The Tale of the Inattentive Wizard
The wizard threw some more bog-monster dust into the broth. It would be ready in just a minute. It had to be. The pesky king’s men had figured out a way to break through his field of safety and were marching on the way.
Just a few correctly intoned words, and they would be stalled.
“Myglu-sveppur!” said the wizard, and had a look out of his tower window.
He turned away and, as he did, he heard rumblings outside. He hurried to the window again and saw a couple dozen green and scaly bog-monsters rise from the ground to fight the king’s men.
The king had a hundred men attacking, armed with swords, axes and spears. The bog-monsters had scaly bodies and some claws. Not fair. The wizard made the monsters attempt to flang the oncoming force, but to little avail. Half the men were slowed down in the killing, but the other half stormed the tower. After killing off all the monsters, the rest of the army marched on, leaving the two casualties to keep each other company till after the battle.
The wizard threw in his brew a handful of lizard eggs, shouting: “Belya au swedli!”
A huge puff of smoke blew in the wizard’s face, making him cough. judging by the rumblings outside, the spell had worked. The wizard stumbled to the window to see:
About twenty slimy looking frogmen were shimmering into existence behind the advancing army, armed with javelins. The flung their javelins at the group, until they ran out. By that time, the army was advancing on them from both sides, the section that had not fought the bog-monsters from the front, and the one that had from the rear. They made short work of the frogmen, and marched on.
The wizard cursed again, but saw that three lay dead and a handful were injured, so at least he had fewer to handle now. Pity he had used up the last of the lizard eggs.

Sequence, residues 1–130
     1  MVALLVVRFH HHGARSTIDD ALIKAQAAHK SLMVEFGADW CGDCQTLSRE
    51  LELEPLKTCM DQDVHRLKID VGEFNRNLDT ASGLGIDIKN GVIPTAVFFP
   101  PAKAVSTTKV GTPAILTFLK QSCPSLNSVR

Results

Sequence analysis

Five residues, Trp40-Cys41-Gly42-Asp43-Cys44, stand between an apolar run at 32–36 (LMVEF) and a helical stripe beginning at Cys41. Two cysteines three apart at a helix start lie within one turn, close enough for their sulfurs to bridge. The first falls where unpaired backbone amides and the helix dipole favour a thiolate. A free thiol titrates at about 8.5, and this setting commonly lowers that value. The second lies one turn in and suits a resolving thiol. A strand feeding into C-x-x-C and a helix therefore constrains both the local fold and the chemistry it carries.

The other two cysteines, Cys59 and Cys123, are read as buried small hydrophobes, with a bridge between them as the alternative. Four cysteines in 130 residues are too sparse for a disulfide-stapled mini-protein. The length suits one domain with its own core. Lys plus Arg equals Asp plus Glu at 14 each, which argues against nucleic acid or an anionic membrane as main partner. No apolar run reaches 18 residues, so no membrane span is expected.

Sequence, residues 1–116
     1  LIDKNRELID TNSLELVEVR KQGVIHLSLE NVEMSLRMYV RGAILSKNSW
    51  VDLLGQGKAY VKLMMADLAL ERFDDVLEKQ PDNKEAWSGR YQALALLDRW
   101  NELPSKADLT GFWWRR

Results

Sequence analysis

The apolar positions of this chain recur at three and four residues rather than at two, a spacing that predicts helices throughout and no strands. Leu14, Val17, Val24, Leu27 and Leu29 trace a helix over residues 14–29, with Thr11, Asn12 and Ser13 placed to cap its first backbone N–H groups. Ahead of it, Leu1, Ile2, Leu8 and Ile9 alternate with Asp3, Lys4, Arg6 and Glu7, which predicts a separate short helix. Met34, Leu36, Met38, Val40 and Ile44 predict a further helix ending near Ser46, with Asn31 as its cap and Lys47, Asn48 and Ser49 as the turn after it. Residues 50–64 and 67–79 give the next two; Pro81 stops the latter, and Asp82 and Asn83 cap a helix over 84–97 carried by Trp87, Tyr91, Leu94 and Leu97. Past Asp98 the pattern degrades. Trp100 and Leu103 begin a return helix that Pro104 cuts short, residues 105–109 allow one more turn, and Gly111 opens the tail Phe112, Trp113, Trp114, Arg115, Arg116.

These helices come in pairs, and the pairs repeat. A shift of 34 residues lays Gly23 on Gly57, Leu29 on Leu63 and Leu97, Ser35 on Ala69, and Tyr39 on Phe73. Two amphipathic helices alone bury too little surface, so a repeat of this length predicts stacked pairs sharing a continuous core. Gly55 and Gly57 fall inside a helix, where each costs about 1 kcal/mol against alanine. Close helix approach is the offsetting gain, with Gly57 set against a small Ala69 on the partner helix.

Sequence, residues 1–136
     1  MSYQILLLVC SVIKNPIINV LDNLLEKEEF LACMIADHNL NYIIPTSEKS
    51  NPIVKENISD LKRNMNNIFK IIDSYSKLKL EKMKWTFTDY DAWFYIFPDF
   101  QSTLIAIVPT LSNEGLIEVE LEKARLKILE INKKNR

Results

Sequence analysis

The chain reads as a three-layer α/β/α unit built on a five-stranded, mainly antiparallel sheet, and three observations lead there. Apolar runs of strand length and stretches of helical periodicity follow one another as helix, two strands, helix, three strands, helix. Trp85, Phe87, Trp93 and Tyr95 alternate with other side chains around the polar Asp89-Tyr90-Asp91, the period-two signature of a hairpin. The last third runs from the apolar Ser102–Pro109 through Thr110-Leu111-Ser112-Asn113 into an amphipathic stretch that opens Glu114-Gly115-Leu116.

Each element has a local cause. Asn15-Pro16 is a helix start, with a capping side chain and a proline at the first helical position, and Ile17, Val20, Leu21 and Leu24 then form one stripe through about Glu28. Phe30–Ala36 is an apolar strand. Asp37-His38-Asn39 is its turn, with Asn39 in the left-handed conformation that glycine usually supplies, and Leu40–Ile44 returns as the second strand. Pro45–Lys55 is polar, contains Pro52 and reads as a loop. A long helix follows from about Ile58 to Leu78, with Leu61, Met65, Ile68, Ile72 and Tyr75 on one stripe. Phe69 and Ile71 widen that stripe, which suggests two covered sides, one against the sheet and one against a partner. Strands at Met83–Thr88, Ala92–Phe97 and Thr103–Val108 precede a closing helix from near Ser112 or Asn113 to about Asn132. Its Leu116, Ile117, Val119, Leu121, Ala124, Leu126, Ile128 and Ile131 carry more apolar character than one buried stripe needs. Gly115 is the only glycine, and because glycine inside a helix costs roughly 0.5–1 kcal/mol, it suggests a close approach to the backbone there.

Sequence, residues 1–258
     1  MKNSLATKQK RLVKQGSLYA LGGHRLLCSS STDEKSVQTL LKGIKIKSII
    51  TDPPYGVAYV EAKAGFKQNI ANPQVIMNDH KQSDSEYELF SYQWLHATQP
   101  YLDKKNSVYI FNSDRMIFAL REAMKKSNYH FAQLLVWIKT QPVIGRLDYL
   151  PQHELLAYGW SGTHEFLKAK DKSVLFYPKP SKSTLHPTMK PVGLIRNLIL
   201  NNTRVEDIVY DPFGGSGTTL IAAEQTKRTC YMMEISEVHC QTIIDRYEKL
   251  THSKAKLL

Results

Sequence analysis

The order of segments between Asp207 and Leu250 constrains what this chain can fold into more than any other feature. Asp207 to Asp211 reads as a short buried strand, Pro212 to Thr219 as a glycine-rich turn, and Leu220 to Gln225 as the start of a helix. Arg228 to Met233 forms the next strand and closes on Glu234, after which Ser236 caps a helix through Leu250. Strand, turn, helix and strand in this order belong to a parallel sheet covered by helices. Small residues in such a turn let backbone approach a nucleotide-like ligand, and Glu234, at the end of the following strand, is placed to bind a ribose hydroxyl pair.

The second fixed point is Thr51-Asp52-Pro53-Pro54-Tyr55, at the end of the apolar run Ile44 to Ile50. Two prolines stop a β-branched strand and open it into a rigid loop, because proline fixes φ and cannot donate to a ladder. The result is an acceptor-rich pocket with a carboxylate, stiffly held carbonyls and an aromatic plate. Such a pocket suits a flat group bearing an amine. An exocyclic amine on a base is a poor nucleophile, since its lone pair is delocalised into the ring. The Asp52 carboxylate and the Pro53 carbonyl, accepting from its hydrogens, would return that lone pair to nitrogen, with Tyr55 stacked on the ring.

The wizard ruffled in his cabinets, seeking some magical items he could use to summon fighting monsters. Nothing. But he did find a bottle he did not remember: it was labeled: “Munnskol,” and had a red triangle on it. He opened it and poured the contents into he brew, carefully selecting his words:
“Yeg er meth magasoure,” the most potent words in wizardry.
With that, time itself turned on its pace, and the wizard was flung back in time three whole days, finding himself before the king again, just before this whole mess started.
And the king, again, said to the wizard: “Wizard, I want you to give me something to settle my stomach before the ball tonight. I will reward you well if you can.”
And as before, the wizard nodded, still a little confused after his trip through time itself, but he seemed to remember having a remedy in his pouch. He reached for it, as he had done three days ago, but made sure to read the label this time. He did not want to feed the king laxatives... again.
Copyright © 2005 by Bewildering Stories on behalf of the author